Susan McCord of the Albany Herald wrote that:
About 15 investigators and attorneys gathered with ConAgra Foods attorneys outside the Sylvester Peter Pan plant Friday morning on a second day of inspections at the plant.
Personal injury lawyer Dave Babcock, from Seattle law firm Marler Clark, said he was accompanied by a sanitation expert who would make observations inside the plant on their second and final court-ordered day to inspect the plant.
Not long after, Plant Manager Earl Ehret requested that press leave ConAgra premises. Ehret took over as manager of the Sylvester plant earlier this year, days before the Food and Drug Administration linked a nationwide outbreak of salmonella to peanut butter produced there.
Ehret replaced Tom Gentle, who had managed the Sylvester plant for about three years. Gentle now works at another ConAgra facility, Ehret said. Since the Feb. 14 recall, the FDA states that 425 people have been made ill by the peanut butter. Last week, ConAgra announced its plans to completely renovate the Sylvester plant while it resumes production of Peter Pan at another location. Peter Pan is expected back on store shelves in July, while the Sylvester plant is expected to be making peanut butter again in early August, ConAgra communication director Stephanie Childs said.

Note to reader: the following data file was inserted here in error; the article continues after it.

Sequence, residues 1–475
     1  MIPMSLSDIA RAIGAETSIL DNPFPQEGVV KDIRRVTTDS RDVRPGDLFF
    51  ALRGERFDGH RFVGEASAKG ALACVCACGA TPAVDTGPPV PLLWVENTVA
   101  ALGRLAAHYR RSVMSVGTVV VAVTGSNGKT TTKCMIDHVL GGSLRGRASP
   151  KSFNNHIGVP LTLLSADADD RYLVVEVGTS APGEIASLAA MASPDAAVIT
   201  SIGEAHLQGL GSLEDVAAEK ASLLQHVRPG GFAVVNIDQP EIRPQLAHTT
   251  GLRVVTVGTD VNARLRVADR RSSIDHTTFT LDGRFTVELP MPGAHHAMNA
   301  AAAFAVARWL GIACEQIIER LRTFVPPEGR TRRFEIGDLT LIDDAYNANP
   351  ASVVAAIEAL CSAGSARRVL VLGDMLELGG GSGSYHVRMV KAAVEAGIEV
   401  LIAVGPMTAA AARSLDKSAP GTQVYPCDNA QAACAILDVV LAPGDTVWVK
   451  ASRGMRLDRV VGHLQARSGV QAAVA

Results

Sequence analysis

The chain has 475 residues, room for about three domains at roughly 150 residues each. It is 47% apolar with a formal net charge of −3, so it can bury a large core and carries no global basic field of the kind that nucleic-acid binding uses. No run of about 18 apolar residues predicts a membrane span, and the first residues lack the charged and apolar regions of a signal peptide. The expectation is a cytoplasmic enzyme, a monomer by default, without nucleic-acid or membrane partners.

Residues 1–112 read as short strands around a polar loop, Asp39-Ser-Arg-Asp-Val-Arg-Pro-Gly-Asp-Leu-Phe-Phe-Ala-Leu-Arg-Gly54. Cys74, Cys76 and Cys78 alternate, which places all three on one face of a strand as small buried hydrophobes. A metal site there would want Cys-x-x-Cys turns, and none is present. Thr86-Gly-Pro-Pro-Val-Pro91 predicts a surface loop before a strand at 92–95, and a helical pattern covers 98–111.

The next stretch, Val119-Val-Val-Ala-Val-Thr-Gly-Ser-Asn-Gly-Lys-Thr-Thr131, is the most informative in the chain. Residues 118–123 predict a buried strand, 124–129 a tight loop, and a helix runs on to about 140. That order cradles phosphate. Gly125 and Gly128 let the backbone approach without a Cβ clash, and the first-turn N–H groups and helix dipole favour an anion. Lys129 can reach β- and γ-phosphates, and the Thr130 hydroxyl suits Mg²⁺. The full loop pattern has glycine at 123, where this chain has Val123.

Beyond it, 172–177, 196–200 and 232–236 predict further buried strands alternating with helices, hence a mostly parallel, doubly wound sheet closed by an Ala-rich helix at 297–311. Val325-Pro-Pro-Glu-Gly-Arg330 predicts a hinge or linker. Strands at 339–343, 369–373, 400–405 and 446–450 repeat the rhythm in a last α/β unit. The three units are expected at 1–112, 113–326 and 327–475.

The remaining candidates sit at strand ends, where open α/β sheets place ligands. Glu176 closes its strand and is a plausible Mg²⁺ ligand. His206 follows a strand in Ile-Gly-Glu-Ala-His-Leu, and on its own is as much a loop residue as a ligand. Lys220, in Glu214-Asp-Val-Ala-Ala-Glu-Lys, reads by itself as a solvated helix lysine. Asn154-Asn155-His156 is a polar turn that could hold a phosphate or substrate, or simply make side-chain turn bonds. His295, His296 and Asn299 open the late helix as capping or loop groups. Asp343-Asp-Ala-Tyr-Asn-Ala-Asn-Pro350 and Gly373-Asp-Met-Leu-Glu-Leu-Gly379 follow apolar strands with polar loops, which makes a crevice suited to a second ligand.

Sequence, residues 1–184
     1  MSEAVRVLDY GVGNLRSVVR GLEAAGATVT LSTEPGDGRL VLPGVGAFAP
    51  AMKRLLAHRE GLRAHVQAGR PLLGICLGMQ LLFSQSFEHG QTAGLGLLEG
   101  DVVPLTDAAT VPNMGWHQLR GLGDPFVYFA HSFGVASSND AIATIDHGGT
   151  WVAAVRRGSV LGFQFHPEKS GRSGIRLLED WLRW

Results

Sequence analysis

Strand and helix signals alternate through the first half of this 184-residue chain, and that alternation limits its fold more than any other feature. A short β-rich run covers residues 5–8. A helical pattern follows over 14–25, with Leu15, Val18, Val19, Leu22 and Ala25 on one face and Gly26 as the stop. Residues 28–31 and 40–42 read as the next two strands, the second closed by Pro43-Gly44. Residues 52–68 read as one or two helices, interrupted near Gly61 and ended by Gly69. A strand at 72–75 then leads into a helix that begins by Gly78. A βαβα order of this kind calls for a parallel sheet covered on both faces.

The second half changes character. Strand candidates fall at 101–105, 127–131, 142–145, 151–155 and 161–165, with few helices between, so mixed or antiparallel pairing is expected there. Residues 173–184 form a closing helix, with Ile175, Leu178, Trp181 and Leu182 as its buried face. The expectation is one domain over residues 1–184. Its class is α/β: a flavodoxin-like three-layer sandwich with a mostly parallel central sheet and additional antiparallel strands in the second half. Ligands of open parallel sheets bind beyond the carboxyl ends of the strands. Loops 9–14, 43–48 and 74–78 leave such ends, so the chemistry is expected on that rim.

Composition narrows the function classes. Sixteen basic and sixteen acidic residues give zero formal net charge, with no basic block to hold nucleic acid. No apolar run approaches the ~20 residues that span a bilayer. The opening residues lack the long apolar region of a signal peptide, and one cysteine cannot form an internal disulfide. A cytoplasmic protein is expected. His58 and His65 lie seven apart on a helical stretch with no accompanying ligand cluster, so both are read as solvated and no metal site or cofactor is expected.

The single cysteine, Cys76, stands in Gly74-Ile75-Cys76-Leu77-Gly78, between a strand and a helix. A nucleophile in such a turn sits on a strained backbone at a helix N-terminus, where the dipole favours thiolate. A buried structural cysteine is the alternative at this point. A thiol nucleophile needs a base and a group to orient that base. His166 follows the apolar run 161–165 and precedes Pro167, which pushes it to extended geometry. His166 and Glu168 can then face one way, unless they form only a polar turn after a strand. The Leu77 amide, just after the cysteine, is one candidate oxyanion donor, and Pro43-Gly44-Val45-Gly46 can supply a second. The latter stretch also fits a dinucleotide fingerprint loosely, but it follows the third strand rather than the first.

A few items of interest:
24) Was asked by Engineer to look at dead rodent specimen in Maintenance Room
25) Proceeded to Maintenance Room
26) Observed decomposing desiccated rodent carcass (young rat or mouse)
27) Request made to escorts to take rodent carcass as a sample
28) Request denied by escorts
29) Swabbed rodent carcass
30) Found decomposed rodent remains including bones and other body appendages, hair
31) Sampled decomposed rodent remains
50) Was asked by a co-worker to look at a hole in an upper wall in an upper area of room
51) Proceeded to upper area of mixing room
52) Observed hole in wall penetrating to the outside
53) Swabbed hole in wall
54) Found bird feathers on pipe
72) Swabbed food waste and bird dropping and a piece of suspected organic matter on roof surfaces